Stem cells engineered to grow cartilage, fight inflammation
Robert J. Boston photograph
Farshid Guilak PhD with Grad Student in Biomedical Engineering Holding a prototype of his living artificial hip.
July 18, 2016
Technique uses 3-D weaving to grow a living hip replacement
With a goal of treating worn, arthritic hips without extensive surgery to replace them, scientists have programmed stem cells to grow new cartilage on a 3-D template shaped like the ball of a hip joint. What’s more, using gene therapy, they have activated the new cartilage to release anti-inflammatory molecules to fend off a return of arthritis.
The technique, demonstrated in a collaborative effort between Washington University School of Medicine in St. Louis and Cytex Therapeutics Inc. in Durham, N.C., is described July 18 in Proceedings of the National Academy of Sciences.
The discovery one day may provide an alternative to hip-replacement surgery, particularly in younger patients. Doctors are reluctant to perform such operations in patients under age 50 because prosthetic joints typically last for less than 20 years. A second joint-replacement surgery to remove a worn prosthetic can destroy bone and put patients at risk for infection.
“Replacing a failed prosthetic joint is a difficult surgery,” said Farshid Guilak, PhD, a professor of orthopedic surgery at Washington University. “We’ve developed a way to resurface an arthritic joint using a patient’s own stem cells to grow new cartilage, combined with gene therapy to release anti-inflammatory molecules to keep arthritis at bay. Our hope is to prevent, or at least delay, a standard metal and plastic prosthetic joint replacement.”
The technique uses a 3-D, biodegradable synthetic scaffold that Guilak and his team developed. The scaffold, molded into the precise shape of a patient’s joint, is covered with cartilage made from the patient’s own stem cells taken from fat beneath the skin. The scaffold then can be implanted onto the surface of an arthritic hip, for example. Resurfacing the hip joint with “living” tissue is designed to ease arthritis pain, and delay or even eliminate the need for joint-replacement surgery in some patients.
Additionally, by inserting a gene into the newly grown cartilage and activating it with a drug, the gene can orchestrate the release of anti-inflammatory molecules to fight a return of arthritis, which usually is what triggers such joint problems in the first place.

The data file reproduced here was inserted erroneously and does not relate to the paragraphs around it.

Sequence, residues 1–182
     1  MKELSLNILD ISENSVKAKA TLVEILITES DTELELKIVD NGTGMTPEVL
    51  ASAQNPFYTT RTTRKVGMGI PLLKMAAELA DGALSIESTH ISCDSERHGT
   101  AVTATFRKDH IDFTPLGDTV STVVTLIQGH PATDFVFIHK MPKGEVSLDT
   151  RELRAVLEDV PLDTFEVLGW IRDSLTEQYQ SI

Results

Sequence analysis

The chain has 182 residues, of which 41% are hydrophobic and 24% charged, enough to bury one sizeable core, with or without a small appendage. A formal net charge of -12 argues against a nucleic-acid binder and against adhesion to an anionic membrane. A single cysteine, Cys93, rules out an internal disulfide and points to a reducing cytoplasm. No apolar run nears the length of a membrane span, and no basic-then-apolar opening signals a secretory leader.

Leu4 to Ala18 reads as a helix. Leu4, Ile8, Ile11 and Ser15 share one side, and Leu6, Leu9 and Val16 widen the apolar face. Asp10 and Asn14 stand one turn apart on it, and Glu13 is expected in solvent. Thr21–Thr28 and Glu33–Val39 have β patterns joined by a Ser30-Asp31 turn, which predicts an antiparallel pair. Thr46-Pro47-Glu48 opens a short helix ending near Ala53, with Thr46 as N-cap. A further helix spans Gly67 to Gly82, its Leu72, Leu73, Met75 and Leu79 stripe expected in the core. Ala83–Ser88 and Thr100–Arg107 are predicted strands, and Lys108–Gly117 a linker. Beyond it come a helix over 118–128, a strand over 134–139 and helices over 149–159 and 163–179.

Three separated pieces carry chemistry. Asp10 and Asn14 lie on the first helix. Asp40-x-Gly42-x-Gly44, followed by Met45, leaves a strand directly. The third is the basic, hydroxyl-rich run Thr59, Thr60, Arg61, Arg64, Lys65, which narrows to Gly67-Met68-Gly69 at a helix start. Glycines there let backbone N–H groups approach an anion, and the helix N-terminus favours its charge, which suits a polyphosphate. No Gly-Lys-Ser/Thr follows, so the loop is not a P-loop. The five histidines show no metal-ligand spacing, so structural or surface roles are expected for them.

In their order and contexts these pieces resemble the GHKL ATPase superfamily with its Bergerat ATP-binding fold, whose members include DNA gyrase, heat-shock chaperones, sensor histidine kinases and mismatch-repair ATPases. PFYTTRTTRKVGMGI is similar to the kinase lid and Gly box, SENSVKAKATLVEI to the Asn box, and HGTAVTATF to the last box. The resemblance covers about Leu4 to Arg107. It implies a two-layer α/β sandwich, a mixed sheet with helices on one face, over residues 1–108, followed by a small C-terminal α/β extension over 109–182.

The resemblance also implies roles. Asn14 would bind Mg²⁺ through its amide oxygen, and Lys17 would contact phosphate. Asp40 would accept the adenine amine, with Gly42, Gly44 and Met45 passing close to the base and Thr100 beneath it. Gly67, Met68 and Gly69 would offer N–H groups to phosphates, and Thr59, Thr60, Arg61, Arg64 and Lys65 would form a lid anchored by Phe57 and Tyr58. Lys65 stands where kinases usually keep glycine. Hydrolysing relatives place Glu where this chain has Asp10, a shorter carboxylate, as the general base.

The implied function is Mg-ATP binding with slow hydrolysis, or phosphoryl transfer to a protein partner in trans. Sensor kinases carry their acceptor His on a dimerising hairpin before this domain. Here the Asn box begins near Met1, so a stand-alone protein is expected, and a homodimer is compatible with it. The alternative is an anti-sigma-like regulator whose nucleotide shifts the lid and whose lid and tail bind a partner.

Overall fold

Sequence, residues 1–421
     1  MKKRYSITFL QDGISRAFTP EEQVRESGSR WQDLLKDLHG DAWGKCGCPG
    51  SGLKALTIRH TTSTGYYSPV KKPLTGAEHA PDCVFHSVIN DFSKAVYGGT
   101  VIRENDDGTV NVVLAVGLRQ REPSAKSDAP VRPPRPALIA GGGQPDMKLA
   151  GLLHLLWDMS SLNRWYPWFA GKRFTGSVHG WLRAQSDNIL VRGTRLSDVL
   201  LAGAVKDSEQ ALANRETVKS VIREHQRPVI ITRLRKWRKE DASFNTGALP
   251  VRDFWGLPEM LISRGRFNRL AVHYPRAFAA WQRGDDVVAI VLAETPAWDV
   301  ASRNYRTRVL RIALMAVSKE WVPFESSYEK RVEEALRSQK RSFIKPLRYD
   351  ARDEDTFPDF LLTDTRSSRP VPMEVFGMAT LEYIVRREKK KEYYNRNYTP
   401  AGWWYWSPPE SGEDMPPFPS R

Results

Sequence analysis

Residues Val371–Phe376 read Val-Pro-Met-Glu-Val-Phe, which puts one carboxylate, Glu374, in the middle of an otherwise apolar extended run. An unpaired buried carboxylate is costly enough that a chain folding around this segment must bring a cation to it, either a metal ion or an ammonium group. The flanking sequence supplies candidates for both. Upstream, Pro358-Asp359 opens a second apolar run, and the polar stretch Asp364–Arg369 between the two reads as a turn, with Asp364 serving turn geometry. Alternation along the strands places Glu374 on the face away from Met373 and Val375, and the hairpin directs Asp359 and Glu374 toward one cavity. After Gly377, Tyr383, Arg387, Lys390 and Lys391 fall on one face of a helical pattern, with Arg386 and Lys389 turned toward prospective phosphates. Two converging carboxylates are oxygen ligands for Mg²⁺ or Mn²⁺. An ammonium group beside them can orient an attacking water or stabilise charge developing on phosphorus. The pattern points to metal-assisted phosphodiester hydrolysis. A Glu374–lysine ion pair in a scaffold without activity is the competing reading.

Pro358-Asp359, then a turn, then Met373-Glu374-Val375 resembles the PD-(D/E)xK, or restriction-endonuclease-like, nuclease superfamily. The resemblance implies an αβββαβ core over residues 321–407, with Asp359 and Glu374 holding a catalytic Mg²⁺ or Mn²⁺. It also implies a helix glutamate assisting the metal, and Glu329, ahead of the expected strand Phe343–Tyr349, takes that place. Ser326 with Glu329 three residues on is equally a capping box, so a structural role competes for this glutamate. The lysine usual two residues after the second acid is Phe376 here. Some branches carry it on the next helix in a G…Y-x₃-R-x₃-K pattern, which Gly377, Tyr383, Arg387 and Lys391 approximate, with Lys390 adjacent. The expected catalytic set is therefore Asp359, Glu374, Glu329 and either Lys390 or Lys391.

“When there is inflammation, we can give a patient a simple drug, which activates the gene we’ve implanted, to lower inflammation in the joint,” said Guilak, also a professor of developmental biology and of biomedical engineering. “We can stop giving the drug at any time, which turns off the gene.”
That gene therapy is important, he explained, because when levels of inflammatory molecules rise in a joint, the cartilage is destroyed and pain increases. By adding gene therapy to the stem cell and scaffold technique, Guilak and his colleagues believe it will be possible to coax patients’ joints to fend off arthritis and function better for a longer time.
The 3-D scaffold is built using a weaving pattern that gives the device the structure and properties of normal cartilage. Franklin Moutos, PhD, vice president of technology development at Cytex, explained that the unique structure is the result of approximately 600 biodegradable fiber bundles woven together to create a high-performance fabric that can function like normal cartilage.
“As evidence of this, the woven implants are strong enough to withstand loads up to 10 times a patient’s body weight, which is typically what our joints must bear when we exercise,” Moutos said.
Currently, there are about 30 million Americans who have diagnoses of osteoarthritis, and data suggest that the incidence of osteoarthritis is on the rise. That number includes many younger patients — ages 40 to 65 — who have limited treatment options because conservative approaches haven’t worked and they are not yet candidates for total joint replacement because of their ages.
Bradley Estes, PhD, vice president of research and development at Cytex, noted, “We envision in the future that this population of younger patients may be ideal candidates for this type of biological joint replacement.”
Guilak, who also is the director of research at Shriners Hospitals for Children — St. Louis, and co-director of the Washington University Center of Regenerative Medicine, has been collaborating with Cytex on this research. The scientists have tested various aspects of the tissue engineering in cell culture, and some customized implants already are being tested in laboratory animals. He said if all goes well, such devices could be ready for safety testing in humans in three to five years.